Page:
To use both video and sonar at the same time requires a sonar unit with split-screen capability. “Any Lowrance HDS sonar unit is capable of also linking with an Aqua View video unit,” says Romanack. “By using the split-screen feature on the sonar I can watch video on half the screen and traditional broad beam sonar on the other half. This can be accomplished with smaller seven-inch units, but the larger nine and even 12-inch units provide the angler with a bigger and easier to interpret picture.”
Because video eats up a lot of amp hours, the best option for marrying sonar and video in the same monitor is to select a high amperage lithium battery such as the 20 or even 30 amp-hour options on the market. Many companies, including Dakota Batteries, Vexilar, and Marcum, produce lithium batteries ideally suited for ice fishing applications.
While these lithium batteries are expensive, they can be recharged thousands of times, making their lifespan more than 10 times that of traditional lead-acid battery technology. It’s important to also note that charging lithium batteries requires special battery chargers designed for this technology. An ordinary battery charger designed for lead-acid or gel style batteries will not charge a lithium battery.
Lithium batteries are also susceptible to being damaged or ruined if dropped. This unique battery technology does not do well if the battery is dropped onto a hard surface.
Putting It All Together
Anglers equipped with underwater video and sonar have the best of both worlds in that they will know instantly when fish show up. The beauty of video is an angler can quickly identify the species of fish and react accordingly.
When perch show up, using terminal tackle ideally suited to triggering these light biters makes it possible to maximize perch opportunities. When walleye show up, quickly switching to terminal tackle better suited to catching walleye only takes a few seconds.
The best-prepared anglers hit the ice with rods and reels already rigged up and ready to go for both walleye and yellow perch. That way, an angler can quickly put down whatever gear makes the most sense.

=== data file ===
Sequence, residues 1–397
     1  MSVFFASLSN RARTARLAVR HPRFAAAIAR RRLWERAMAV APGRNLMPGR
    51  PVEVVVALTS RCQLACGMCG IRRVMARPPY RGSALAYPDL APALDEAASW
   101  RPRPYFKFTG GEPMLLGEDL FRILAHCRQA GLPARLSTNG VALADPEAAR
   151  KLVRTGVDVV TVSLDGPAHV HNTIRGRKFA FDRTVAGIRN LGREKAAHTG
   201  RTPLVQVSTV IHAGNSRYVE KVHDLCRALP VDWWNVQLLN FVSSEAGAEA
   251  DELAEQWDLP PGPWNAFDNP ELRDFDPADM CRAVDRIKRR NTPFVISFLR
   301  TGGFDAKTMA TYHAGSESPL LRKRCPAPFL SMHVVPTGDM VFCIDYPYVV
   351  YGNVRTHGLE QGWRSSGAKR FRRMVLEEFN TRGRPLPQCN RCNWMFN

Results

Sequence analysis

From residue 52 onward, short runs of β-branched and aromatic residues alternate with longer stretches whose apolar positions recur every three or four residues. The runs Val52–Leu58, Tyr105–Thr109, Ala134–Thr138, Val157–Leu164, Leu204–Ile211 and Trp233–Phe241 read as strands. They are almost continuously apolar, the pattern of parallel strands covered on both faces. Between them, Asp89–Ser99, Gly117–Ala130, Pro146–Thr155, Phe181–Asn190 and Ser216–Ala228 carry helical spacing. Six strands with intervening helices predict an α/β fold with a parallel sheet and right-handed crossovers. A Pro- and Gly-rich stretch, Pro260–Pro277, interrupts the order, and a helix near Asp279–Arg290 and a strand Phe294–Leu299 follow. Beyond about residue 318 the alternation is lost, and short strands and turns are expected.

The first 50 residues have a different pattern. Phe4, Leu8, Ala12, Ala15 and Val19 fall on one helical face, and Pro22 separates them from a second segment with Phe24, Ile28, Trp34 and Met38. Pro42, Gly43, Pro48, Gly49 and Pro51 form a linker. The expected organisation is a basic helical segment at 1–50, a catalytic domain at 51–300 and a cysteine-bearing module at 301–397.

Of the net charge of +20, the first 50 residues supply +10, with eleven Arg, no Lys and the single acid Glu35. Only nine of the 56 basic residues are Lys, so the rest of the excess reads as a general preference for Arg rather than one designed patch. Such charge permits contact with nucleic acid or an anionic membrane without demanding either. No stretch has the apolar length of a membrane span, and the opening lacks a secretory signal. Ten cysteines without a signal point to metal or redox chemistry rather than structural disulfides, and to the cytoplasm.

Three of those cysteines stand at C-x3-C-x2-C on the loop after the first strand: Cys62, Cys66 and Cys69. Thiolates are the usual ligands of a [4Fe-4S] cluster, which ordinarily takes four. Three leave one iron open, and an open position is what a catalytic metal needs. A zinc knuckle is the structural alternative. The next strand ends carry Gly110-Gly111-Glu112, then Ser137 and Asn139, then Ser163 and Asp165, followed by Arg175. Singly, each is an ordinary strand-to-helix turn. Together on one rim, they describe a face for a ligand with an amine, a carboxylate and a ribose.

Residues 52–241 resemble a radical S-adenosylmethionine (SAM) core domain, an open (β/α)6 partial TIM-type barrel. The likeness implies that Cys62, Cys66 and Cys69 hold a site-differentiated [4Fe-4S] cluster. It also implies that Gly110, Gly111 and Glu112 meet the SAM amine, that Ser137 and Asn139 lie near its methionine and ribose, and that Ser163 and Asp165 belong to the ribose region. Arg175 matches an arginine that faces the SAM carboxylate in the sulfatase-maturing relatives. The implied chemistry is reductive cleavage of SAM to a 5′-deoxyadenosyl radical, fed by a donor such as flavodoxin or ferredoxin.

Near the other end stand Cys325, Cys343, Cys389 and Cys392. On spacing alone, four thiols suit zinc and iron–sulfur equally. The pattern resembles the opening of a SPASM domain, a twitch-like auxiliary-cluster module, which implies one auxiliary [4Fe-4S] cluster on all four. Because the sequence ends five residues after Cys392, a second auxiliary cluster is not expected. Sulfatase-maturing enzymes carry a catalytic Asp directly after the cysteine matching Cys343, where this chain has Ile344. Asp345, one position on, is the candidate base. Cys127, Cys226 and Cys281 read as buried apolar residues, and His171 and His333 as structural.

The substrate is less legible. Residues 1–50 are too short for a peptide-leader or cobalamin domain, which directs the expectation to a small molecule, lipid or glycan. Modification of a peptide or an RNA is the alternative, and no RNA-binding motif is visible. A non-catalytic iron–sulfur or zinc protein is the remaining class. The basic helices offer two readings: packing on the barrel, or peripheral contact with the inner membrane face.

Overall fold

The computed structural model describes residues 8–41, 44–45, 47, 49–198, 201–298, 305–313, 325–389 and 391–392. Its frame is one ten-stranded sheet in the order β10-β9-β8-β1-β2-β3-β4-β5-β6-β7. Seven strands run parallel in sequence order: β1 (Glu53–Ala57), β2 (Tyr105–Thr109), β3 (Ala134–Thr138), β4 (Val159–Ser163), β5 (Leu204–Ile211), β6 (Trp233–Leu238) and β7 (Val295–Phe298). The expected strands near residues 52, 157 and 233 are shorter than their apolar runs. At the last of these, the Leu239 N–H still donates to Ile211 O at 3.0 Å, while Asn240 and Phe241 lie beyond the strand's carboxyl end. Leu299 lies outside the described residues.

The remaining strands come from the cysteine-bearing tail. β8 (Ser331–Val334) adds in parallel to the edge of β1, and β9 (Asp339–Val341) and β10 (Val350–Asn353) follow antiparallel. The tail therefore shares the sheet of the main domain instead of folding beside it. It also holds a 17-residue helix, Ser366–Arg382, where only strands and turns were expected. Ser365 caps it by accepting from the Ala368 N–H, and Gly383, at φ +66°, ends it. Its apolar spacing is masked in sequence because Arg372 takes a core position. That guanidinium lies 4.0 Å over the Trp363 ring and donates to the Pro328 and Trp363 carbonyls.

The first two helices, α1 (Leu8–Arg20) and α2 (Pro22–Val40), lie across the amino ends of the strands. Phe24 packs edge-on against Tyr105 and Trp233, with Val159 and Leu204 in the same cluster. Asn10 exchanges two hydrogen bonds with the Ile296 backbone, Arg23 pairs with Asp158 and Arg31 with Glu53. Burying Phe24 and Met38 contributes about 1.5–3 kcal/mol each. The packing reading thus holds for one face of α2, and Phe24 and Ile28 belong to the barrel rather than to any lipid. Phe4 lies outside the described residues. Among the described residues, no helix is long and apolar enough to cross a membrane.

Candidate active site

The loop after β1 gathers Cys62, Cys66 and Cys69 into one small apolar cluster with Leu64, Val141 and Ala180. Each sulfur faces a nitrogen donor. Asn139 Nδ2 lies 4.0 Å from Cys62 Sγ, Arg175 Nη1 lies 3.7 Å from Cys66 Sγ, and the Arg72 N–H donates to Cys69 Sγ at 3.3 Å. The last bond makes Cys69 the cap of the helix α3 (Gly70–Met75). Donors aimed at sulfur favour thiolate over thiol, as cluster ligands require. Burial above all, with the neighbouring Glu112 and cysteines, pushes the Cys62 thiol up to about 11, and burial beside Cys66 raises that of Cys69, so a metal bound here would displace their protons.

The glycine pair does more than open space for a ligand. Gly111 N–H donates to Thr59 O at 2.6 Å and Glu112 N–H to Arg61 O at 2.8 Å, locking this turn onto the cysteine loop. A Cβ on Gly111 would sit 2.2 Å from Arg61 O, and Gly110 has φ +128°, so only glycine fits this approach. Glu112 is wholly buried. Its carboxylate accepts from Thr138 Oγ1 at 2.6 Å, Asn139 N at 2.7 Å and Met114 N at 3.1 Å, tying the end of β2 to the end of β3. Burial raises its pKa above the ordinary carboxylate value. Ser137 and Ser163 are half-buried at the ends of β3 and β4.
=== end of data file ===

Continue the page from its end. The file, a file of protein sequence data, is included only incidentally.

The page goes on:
“I’m carrying at least three walleye jigging sticks with different lures attached, two perch jigging sticks with different perch baits attached, a dead stick for walleye, and also a couple tip-ups I can rig for walleye or perch,” adds Romanack. “Having all this gear organized and ready to use makes it possible to shift gears quickly from catching walleye to targeting yellow perch.”
In past years when yellow perch were scarce on Saginaw Bay, it didn’t pay for anglers to carry both walleye and perch fishing setups. These days, however, with perch numbers on the rise, anglers who go prepared to catch both species will regularly be rewarded with a mixed bag at the end of the day!
Wrapping It Up
While no one can predict what the ice conditions on Saginaw Bay will be this year, it’s a safe bet that when the ice locks in, fishing will be excellent. Anglers who love to catch both walleye and jumbo perch are wise to hit the ice with modern electronics, underwater video, and pre-spooled rods/reels ready for catching both species. Like every other season in Michigan, ice fishing season comes and goes quickly, so it pays to be ready.